Tokyo 2020 has unveiled the medal ceremony podium for the delayed Olympic and Paralympic Games.
Made from recycled plastics, it is rendered in dark grey with the Olympic rings and Paralympic symbols in white.
"Together with the emblem, the word connecting and bonding was the major thinking behind it," said designer Tokolo Asao, who had also created the Tokyo 2020 symbols.
“For me the texture is the important thing.
"It is made from the plastic, something that might have ended up as garbage.
"We are using those empty plastic containers and different fusions of technology.
"I want this podium to connect with the next generation.
"Through this, children can say I want to be an athlete, or they can say I may not be an athlete, but maybe I can be a part of making podiums."
The podiums were revealed during an event in Tokyo today, which took place amid ongoing speculation as to whether the Games will go ahead.
Organisers said that some 24.5 tonnes of recycled material had been collected during the campaign, known as the "podium project" and spearheaded by TOP sponsor Procter and Gamble.
"It took a long time for me to reach the podium for the one and only time," Tokyo 2020 President Seiko Hashimoto, speed skating bronze medallist at the 1992 Winter Olympics in Albertville, said.
"I was deeply touched.
"It was a moment to feel the connection with people who had supported me throughout the years."
Presenting the Victory Ceremony podiums of the Olympic and Paralympic Games! 😍— #Tokyo2020 (@Tokyo2020) June 3, 2021
For the first time ever, they are made of recycled plastic from Japanese household products. ♻️#Toyko2020 pic.twitter.com/rCqtcycMzw
The victory ceremonies music was premiered by the Tokyo Metropolitan Symphony orchestra with singers from Tokyo’s Philharmonic chorus, conducted by Sachio Fujioka.
Composer Naoki Sato said: "I made the music for the athletes so that they could go up onto the podium feeling very good.
"I struggled to come up with the melody and had some tough times but thinking about the Olympics and Paralympics helped me.
"I intentionally avoided all Japanese elements.
"Athletes of diverse cultures, languages and aspirations stand on the podium, so I considered that music with prominent Japanese features would get in the way of the ceremonious moments."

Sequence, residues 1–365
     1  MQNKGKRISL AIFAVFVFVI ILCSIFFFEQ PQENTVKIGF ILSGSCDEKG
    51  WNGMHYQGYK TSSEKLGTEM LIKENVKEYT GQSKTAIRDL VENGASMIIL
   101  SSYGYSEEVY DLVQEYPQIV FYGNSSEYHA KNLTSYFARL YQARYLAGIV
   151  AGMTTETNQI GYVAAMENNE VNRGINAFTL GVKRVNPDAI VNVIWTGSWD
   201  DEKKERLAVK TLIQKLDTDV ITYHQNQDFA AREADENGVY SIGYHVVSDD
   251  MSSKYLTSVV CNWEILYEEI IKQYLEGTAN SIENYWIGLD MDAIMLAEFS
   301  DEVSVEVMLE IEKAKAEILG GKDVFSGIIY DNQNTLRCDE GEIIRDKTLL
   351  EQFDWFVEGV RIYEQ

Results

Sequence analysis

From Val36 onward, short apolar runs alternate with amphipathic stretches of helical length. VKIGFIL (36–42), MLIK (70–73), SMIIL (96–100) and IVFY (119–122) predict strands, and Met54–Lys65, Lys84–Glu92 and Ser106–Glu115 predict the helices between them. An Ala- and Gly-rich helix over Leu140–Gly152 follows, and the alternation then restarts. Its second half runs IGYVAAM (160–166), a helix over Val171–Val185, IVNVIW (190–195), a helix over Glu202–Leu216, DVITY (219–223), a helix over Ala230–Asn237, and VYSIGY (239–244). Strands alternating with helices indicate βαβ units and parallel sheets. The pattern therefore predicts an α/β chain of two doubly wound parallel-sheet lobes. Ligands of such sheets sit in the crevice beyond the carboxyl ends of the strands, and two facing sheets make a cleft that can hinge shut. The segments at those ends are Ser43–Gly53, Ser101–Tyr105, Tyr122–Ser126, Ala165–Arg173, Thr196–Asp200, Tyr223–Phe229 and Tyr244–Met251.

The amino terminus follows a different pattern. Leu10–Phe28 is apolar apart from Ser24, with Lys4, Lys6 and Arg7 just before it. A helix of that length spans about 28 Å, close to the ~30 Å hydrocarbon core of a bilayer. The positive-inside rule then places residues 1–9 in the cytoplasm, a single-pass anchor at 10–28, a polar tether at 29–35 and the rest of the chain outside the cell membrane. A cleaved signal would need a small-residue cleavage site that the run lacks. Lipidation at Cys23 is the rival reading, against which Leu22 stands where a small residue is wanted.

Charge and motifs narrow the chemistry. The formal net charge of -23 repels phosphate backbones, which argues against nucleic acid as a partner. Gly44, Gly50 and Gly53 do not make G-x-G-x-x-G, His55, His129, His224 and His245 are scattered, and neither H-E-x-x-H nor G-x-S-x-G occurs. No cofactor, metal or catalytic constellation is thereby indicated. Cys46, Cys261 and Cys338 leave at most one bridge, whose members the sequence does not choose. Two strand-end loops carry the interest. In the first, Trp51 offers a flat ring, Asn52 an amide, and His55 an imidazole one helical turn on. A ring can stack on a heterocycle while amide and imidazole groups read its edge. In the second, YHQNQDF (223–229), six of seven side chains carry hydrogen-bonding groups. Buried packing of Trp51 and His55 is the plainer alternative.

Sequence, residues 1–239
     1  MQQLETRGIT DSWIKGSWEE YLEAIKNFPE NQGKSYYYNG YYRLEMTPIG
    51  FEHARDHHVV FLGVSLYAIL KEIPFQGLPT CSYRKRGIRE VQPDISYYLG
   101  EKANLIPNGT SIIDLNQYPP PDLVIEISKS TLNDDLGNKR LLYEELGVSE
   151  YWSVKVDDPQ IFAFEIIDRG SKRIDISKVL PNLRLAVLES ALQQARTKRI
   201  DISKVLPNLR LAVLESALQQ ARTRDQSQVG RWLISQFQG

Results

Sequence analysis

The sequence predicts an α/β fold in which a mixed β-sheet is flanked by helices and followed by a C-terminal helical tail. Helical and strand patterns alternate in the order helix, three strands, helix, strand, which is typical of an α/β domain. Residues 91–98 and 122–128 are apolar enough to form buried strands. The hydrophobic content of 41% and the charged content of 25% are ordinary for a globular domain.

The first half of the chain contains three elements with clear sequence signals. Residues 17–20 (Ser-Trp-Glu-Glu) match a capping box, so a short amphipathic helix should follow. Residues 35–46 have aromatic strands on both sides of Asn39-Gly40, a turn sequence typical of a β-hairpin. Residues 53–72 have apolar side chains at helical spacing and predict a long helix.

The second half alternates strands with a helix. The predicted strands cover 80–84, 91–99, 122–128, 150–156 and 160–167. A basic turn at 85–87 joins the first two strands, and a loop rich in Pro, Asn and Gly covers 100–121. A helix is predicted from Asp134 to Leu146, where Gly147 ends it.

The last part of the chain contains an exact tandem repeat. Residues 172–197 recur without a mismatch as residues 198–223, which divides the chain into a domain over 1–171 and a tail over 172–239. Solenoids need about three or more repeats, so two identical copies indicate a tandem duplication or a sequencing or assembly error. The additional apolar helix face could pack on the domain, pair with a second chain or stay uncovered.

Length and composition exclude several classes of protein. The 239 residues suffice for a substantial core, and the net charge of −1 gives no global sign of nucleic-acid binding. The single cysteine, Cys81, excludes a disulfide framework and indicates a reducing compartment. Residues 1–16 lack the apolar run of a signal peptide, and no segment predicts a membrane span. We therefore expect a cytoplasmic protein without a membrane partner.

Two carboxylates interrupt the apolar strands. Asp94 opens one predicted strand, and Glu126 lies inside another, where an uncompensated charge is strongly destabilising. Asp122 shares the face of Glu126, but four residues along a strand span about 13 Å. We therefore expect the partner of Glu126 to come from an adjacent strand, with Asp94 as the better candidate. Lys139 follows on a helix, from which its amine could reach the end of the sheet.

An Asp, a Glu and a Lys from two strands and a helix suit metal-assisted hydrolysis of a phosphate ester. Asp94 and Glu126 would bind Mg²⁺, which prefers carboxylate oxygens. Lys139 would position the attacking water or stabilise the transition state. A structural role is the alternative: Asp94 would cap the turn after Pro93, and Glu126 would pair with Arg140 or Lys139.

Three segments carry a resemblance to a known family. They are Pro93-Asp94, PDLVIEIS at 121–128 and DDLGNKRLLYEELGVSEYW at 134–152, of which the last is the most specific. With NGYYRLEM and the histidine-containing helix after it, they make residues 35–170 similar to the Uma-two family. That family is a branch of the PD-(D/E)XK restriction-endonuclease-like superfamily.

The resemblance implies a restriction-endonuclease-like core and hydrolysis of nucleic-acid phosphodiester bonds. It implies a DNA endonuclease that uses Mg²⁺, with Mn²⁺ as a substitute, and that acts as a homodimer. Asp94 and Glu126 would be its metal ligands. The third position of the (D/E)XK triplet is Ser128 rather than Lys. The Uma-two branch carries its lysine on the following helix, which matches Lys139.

The music was recorded last September, but it proved impossible to assemble all the musicians at once so each contribution was mixed together digitally in the sound studio.
The "Field Cast" of medal bearers and athlete escorts will wear a predominantly indigo blue uniform.
The colour of the Uchiginu - inner wear - is in a gradation of white to indigo.
Designer Sodai Yamaguchi studied Kimono style costumes worn at the 1964 Tokyo Games and 1998 Winter Games in Nagano.
"I have respect for tradition, but I was also struggling with the thought that maybe carrying on a tradition isn’t enough," said Yamaguchi.
"So I decided to take on a new challenge while embracing kimonos and traditional Japanese attire."
A multi-layered ceremonial Kimono would have proved too hot, so Yamaguchi settled upon a design which gave the appearance of the traditional garment.
"It was a fusion of the traditional Japanese and Western costumes that could be worn in a very comfortable way," he added.
"For me bonding and connecting are really important.
"I wanted to convey our ways of craftsmanship of making costumes to put together tradition with the fusion of the future."
Since the Munich 1972 Games, the podium has been considered an important part of the "look" of an Olympic Games.
It was first introduced in 1932 at the Lake Placid Winter Olympics after International Olympic Committee President Henri Baillet-Latour saw a podium used at the 1930 British Empire Games.
Early platforms were simple structures of similar design.
The 1964 Tokyo podium featured the Olympic Rings on a simple white background and the numbers one, two and three in black to indicate gold silver and bronze.